Prosecutor: No charges in fatal NY police shooting
Feb 28, 2012, 9:14 PM
GARDEN CITY, N.Y. (AP) – No criminal charges will be filed in a friendly fire shooting that killed a police officer on Long Island, a county prosecutor said Tuesday. Nassau County District Attorney Kathleen Rice also said she will not file charges against police officers involved in the fatal shooting of a civilian that preceded the officer’s death.
Rice issued an 18-page report on her office’s investigation of the March 2011 shooting. Officer Geoffrey Breitkopf, who was wearing civilian clothes and had a rifle slung under his arm when he approached the scene of the earlier shooting, was killed by a Metropolitan Transportation Authority police officer who apparently mistook him for a possible suspect.
“Although the results were unquestionably tragic, criminal charges under these circumstances would be legally unsustainable,” Rice said.
Breitkopf was a member of the elite Bureau of Special Operations and arrived minutes after other Nassau police officers shot an emotionally disturbed, knife-wielding man inside his home in Massapequa Park, about 40 miles east of New York City.
A neighbor reported that she was backing out of her driveway when the suspect, wearing dark clothing and a hockey mask, jumped on the hood of her car. When officers arrived, they found 21-year-old Anthony DiGeronimo with knives strapped to his body and in his hands.
The officers followed as DiGeronimo ran into his own house nearby. Officers say the suspect briefly barricaded himself in a bedroom before he emerged and charged at officers with a knife. The officers drew their weapons and killed him.
Rice found that officers Richard McDonald and Paul Lewis “reasonably believed that DiGeronimo was about to use deadly physical force on them.”
Several minutes later, backup arrived, including Bureau of Special Operations officers in plainclothes, and MTA officers who normally patrol the nearby Long Island Rail Road station in Massapequa Park.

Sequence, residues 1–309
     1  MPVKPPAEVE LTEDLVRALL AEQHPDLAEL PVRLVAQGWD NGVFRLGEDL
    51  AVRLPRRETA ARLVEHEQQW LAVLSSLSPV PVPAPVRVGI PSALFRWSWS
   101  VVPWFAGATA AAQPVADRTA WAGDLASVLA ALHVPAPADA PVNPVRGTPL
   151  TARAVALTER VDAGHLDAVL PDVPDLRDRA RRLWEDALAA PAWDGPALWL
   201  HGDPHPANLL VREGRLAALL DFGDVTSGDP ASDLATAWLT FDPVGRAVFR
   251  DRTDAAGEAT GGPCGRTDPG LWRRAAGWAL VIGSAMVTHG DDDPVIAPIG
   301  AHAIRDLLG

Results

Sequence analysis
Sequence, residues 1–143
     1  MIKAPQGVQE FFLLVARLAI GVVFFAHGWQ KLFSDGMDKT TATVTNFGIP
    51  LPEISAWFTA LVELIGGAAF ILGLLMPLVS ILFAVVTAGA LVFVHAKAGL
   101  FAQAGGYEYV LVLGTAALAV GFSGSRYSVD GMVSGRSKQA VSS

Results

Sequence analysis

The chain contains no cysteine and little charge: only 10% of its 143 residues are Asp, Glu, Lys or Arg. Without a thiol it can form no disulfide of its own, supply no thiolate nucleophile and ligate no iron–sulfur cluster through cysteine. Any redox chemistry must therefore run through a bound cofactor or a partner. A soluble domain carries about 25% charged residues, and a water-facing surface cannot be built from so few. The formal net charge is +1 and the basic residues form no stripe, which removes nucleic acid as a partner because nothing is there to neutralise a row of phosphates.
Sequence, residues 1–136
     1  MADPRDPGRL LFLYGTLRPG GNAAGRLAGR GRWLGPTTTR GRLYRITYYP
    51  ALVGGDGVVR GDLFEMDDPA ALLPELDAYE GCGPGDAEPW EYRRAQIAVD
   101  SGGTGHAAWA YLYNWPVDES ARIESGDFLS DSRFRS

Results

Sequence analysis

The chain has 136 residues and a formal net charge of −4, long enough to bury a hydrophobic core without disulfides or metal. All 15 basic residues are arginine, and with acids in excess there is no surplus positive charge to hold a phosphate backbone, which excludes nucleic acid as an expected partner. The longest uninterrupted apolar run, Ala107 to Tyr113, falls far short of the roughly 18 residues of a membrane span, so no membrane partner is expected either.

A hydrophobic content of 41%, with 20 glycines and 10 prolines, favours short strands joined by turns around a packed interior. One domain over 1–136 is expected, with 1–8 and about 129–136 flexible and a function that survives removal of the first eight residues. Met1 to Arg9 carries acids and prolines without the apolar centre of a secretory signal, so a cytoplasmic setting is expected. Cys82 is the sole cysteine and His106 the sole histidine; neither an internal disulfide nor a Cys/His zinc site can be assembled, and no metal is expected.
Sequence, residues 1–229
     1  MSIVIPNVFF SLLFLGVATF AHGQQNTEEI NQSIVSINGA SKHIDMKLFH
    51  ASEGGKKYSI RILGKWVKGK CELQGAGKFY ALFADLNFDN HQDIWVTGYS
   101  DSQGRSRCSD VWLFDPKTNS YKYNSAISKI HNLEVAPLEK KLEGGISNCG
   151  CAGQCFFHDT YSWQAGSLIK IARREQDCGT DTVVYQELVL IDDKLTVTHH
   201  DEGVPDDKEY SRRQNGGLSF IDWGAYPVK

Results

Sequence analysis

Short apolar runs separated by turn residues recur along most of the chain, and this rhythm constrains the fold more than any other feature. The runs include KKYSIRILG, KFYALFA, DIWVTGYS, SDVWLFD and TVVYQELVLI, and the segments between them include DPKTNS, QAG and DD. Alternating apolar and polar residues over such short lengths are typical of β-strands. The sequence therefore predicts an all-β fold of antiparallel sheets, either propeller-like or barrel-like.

An MTA officer fired one shot at Breitkopf, who was just arriving at the scene and had an M-4 assault rifle slung under his arm.
Rice’s report said MTA Officer Glen Gentile did not know that Breitkopf was a police officer. “When Officer Gentile saw Breitkopf’s rifle pointed in the direction of civilians and other officers during this confrontation, Gentile perceived a threat and fired one shot, striking Breitkopf in the torso.”
Less than 10 minutes elapsed between the first police contact with DiGeronimo and Breitkopf’s shooting, Rice said.
The district attorney’s investigation confirmed that a retired New York City police officer who happened upon the scene had yelled “gun” when he saw Breitkopf approaching the home where DiGeronimo had been shot.
Nassau County PBA President James Carver thanked Rice for investigating. “Nothing in that report will ever bring back Geoff to his family. I guess we have to accept the findings and move forward.”
A message left at the offices of the MTA police union seeking comment was not immediately returned..
It was the first of two friendly fire shooting deaths in the county last year. On New Year’s Eve, a federal agent with the Bureau of Alcohol, Tobacco, Firearms and Explosives was killed when he tried to intervene in a pharmacy robbery in Seaford.
Neither police nor prosecutors have publicly commented on that shooting since it happened, citing an ongoing investigation.
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